US and Iran Both Focus on Cyber Defense This Week
An article in the Washington Post this morning reports that the White House is reviewing whether to ask Congress for new authorities for government agencies to protect the nation’s critical infrastructure in the event of a major cyber attack.
The news came yesterday following a House Armed Services Committee hearing, where US Cyber Command Chief Gen. Keith Alexander testified on the military’s cyber defense capabilities.
Noting that the White House is working to form a team with the FBI, the US Cyber Command, DHS and other agencies, Alexander said the move would “ensure that everybody has the exact authorities and capabilities that they would need to protect the country,” the Post reported.
But also covering the hearing, Wired magazine noted that a cyber shield would only stretch so far, advising, “If your business gets hacked, don’t bother calling the US military’s new Cyber Command.”
According to the article, after the hearing, Gen. Alexander told reporters that his unit does not have role in civilian network cyber defense. “Within the United States, I do not believe that’s where Cyber Command should or will operate,” he said.
Meanwhile, the New York Times reported that the General did stress the importance in defining those roles needed to protect both private and public sectors in cyberspace. “I believe this is one of the most critical problems our country faces,” Alexander said.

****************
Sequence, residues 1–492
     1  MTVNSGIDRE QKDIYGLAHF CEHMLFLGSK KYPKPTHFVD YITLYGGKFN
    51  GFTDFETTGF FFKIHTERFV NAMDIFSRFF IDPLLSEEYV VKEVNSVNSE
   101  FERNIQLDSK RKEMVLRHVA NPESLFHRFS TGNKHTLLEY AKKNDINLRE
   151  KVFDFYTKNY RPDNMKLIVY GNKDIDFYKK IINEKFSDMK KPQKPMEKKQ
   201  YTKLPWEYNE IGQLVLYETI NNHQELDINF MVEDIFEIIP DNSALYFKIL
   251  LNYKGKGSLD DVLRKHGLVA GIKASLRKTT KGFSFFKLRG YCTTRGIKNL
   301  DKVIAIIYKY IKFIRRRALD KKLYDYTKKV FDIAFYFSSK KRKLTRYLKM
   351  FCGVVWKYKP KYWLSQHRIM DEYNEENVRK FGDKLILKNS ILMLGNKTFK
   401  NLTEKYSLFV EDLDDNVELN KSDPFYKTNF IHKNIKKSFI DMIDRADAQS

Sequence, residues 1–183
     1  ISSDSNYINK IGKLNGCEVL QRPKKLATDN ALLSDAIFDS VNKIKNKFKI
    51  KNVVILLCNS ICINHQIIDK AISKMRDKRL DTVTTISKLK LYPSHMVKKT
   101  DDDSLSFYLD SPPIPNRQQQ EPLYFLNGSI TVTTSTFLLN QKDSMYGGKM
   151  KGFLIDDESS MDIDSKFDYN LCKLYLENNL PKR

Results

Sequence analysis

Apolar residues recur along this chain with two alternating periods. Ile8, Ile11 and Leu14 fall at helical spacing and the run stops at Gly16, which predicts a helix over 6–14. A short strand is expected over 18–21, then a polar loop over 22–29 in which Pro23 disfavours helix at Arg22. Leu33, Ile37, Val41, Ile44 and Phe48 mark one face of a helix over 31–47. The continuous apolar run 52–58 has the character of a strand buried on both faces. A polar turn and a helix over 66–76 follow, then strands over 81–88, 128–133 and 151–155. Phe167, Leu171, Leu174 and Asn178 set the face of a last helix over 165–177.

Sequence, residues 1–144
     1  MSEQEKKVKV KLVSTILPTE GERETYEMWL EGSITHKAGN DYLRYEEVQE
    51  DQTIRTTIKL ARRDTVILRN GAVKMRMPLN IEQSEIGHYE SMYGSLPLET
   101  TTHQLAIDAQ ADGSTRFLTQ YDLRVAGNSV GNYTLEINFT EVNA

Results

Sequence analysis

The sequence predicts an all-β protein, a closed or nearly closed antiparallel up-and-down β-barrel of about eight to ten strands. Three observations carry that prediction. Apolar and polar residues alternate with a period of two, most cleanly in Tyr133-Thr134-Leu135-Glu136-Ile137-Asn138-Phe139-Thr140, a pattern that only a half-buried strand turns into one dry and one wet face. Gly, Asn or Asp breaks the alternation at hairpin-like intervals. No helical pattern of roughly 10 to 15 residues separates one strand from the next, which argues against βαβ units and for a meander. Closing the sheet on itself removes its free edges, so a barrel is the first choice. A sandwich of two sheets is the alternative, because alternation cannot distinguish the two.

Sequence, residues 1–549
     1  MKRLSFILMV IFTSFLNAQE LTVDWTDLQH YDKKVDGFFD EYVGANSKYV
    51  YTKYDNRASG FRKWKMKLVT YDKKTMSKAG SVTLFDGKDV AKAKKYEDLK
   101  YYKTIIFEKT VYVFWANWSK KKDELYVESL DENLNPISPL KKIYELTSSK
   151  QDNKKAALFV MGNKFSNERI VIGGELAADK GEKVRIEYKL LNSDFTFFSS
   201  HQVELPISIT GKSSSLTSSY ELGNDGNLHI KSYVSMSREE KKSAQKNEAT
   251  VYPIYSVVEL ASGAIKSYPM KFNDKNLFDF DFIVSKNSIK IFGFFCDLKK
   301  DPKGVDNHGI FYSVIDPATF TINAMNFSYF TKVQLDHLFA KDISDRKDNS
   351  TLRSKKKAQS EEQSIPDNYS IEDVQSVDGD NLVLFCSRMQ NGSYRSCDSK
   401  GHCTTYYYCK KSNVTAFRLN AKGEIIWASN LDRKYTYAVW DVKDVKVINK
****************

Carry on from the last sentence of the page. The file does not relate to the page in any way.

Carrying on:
“We need to get that right,” he added. “I think we have to have a discussion about roles and responsibilities: What’s the role of Cyber Command? What’s the role of the ‘intel’ community? What’s the role of the rest of the Defense Department? What’s the role of DHS? And how do you make that team work? That’s going to take time.”
And while time is of the essence for the United States to work out its cybersecurity scope, it seems time has expired for another nation state.
According to Bloomberg, a computer worm that recently infected industrial computers around the world, appears to have been created to target Iran and its Bushehr nuclear power plant, affecting about 60 percent of its systems.
Deemed the Stuxnet worm, one computer security researcher in Berlin advised that the “level of sophistication in the worm’s programming and its ability to hide itself suggest it may have been built by a government-sponsored organization in countries such as the US or Israel.”
And as attribution theories continue to emerge, in an interview with Forbes, cybersecurity expert James Lewis, a fellow at the Center for Strategic and International Studies, affirmed, “The target doesn’t relate to economic espionage or financial crime. There’s a good chance it was a government. And there are only five or six governments in the world that could pull off this kind of stunt.”
Including France, the UK, Israel, Russia, China and the US in his list of potential Stuxnet suspects, Lewis rhetorically asked, “Who would want to do this to Iran?” Following up with: “I don’t think we can rule any of them out.”
Additional cybersecurity news follows:
Former NSC official criticizes cybersecurity policies (Wall Street Journal)
WikiLeaks and hacktivist culture (The Nation)
Clarifying your anti-virus choices (USA Today)
Smart Grid Risks:
Who will become the masters of the smart grid? (New York Times)
An irksome tale: The battle to secure the smart grid (Huffington Post)
NATO Cyber Concerns:
Lynn details threats to US, NATO cybersecurity (Defense.gov)
NATO’s sense of purpose on cybersecurity impresses Lynn (Defense.gov)
Richard Clarke: Obama Administration, DHS have done ‘nothing’ about cyber war, threats (The New New Internet)
Boeing to offer cybersecurity to Japan (Federal News Radio)
FBI hires BAE Systems for information security (Government Computer News)
HP completes deal for Fortify Software (Associated Press)
Wyle nabs piece of $450M award to support USAF with cyber architectures, training, defense (The New New Internet)